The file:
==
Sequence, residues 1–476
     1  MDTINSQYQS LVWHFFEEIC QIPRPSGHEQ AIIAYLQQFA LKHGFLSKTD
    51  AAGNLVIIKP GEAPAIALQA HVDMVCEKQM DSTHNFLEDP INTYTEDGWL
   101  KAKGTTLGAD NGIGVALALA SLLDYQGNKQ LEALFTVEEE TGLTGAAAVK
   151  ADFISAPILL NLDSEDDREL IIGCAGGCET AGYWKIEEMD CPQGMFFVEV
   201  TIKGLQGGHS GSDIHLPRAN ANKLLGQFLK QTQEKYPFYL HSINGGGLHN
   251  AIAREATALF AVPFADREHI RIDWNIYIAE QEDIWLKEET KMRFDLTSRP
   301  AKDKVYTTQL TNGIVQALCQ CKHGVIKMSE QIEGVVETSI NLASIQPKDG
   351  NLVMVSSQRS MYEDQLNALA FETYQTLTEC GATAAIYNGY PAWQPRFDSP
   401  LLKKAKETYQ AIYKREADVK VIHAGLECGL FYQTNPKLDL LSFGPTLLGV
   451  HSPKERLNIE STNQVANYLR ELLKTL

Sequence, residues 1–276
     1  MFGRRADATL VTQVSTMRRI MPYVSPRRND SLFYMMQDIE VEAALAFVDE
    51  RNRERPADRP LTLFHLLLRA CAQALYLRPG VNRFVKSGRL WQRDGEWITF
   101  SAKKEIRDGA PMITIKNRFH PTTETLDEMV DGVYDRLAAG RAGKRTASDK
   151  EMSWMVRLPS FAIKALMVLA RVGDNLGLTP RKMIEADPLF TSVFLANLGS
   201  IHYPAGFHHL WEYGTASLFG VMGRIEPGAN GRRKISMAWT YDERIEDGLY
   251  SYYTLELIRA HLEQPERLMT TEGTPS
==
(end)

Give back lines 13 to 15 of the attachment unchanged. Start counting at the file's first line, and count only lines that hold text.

     1  MFGRRADATL VTQVSTMRRI MPYVSPRRND SLFYMMQDIE VEAALAFVDE
    51  RNRERPADRP LTLFHLLLRA CAQALYLRPG VNRFVKSGRL WQRDGEWITF
   101  SAKKEIRDGA PMITIKNRFH PTTETLDEMV DGVYDRLAAG RAGKRTASDK